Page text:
Boris Johnson greeted by traditional banging of desks as he addressed Tory MPs in private Westminster meeting
The Prime Minister hopes the result of a no confidence vote will draw a line under the issues around his leadership and allow the party to move on
Mr Johnson was expected to tell MPs it was a “chance to stop talking about ourselves and start talking exclusively about what we are doing for the people of this country”.
That meant instead of some “hellish Groundhog Day debate” about the merits of belonging to the European Union’s single market, the party could unite and focus on delivering for voters.
“The people in this room won the biggest electoral victory for the Conservatives for 40 years under my leadership,” he was expected to say.
He was also expected to warn Tory MPs about the dangers of an “utter disaster” if Labour took office, in alliance with the SNP, if the Conservatives “descend into some pointless fratricidal debate about the future of our party”.
Mr Johnson is 2/5 to win the looming vote of no confidence into his leadership.
But bookmaker Betfair still expect the Prime Minister to leave Downing Street by the end of the year.
Jeremy Hunt is the 9/2 favourite to replace Mr Johnson as Tory leader, while Liz Truss is 7/1 to succeed him.
Mr Hunt today said he would vote against the PM, warning that the Tories will lose the next election if Mr Johnson remains in post.
The former Foreign Secretary said: “Having been trusted with power, Conservative MPs know in our hearts we are not giving the British people the leadership they deserve.
“We are not offering the integrity, competence and vision necessary to unleash the enormous potential of our country.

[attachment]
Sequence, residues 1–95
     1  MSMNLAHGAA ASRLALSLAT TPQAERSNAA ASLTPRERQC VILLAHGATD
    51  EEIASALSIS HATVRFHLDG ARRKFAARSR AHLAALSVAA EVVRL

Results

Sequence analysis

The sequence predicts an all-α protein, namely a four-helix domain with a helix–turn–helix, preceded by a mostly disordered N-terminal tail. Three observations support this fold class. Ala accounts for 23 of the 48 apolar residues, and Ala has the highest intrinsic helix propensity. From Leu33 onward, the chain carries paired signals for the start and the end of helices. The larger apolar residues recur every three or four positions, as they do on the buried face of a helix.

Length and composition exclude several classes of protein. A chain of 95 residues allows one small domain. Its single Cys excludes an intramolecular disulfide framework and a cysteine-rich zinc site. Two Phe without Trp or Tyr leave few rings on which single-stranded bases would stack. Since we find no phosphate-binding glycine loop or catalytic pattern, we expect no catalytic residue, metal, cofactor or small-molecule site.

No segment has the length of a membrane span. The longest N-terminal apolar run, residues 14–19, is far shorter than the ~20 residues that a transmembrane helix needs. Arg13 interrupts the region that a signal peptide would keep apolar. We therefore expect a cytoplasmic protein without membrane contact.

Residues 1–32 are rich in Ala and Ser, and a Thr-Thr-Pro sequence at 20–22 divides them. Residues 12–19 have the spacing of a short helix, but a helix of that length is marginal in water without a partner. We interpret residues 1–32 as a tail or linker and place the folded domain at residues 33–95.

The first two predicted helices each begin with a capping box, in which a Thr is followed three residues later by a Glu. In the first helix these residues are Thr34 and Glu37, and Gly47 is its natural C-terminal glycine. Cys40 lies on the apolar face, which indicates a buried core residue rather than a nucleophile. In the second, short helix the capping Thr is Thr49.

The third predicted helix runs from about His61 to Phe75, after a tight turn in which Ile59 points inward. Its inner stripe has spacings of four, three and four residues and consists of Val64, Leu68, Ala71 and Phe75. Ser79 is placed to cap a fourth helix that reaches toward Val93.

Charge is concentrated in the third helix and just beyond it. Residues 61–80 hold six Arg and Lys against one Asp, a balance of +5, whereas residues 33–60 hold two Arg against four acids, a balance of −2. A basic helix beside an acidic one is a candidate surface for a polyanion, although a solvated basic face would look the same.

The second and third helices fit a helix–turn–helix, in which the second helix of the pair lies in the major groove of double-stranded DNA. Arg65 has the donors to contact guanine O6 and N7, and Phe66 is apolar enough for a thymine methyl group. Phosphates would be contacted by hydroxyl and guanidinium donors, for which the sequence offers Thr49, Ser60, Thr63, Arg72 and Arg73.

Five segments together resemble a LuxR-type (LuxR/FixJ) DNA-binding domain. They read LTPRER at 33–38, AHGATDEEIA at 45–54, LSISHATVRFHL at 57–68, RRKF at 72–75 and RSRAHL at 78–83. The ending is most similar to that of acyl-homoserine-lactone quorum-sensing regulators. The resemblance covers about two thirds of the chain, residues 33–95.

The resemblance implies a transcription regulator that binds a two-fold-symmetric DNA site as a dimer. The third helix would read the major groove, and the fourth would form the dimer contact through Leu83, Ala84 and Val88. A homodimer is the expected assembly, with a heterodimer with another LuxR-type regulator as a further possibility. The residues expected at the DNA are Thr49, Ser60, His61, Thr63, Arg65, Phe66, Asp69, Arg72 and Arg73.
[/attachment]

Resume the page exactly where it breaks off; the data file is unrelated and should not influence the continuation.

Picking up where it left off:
“And because we are no longer trusted by the electorate, who know this too, we are set to lose the next general election.
“Anyone who believes our country is stronger, fairer and more prosperous when led by Conservatives should reflect that the consequence of not changing will be to hand the country to others who do not share those values.
“Today’s decision is change or lose. I will be voting for change.”
Sir Graham Brady, chairman of the backbench 1922 Committee, confirmed in a statement that he has now received the 54 letters from Conservative MPs needed to trigger a vote.
The vote – by secret ballot – will take place at Westminster on Monday between 6pm and 8pm, with the count to take place immediately afterwards.
To oust the Prime Minister, the rebels will need 180 MPs – and allies of Mr Johnson made clear he is determined to fight to stay on.
Events in Westminster have made an impact on financial markets, too with the pound rising today after jumping following this morning's announcement of a no confidence vote.
Adam Seagrave, UK Sales Trader at Saxo Markets, said: "The pound has continued to rise today after jumping this morning following the news that the Prime Minister would face a vote of no confidence.
"Despite this, overall market reaction is still relatively muted partly because bookmakers see the most likely outcome is that Boris Johnson will win today’s vote.
"There is a greater focus on UK monetary policy and the Bank of England’s approach to controlling spiraling inflation.
"Should Johnson lose the vote and calls of an early general election pick up, this could begin to move markets further and see a bigger shift in the pound."